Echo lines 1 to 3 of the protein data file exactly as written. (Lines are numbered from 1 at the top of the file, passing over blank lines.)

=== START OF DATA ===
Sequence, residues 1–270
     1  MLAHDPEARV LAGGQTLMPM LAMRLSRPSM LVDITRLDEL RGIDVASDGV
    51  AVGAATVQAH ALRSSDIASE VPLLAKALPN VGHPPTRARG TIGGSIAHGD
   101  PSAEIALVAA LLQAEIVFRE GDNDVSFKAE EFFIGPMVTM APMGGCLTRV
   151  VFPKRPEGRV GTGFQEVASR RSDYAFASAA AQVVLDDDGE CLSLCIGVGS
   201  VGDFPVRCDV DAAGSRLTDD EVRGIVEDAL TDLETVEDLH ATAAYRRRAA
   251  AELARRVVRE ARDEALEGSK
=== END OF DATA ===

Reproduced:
Sequence, residues 1–270
     1  MLAHDPEARV LAGGQTLMPM LAMRLSRPSM LVDITRLDEL RGIDVASDGV
    51  AVGAATVQAH ALRSSDIASE VPLLAKALPN VGHPPTRARG TIGGSIAHGD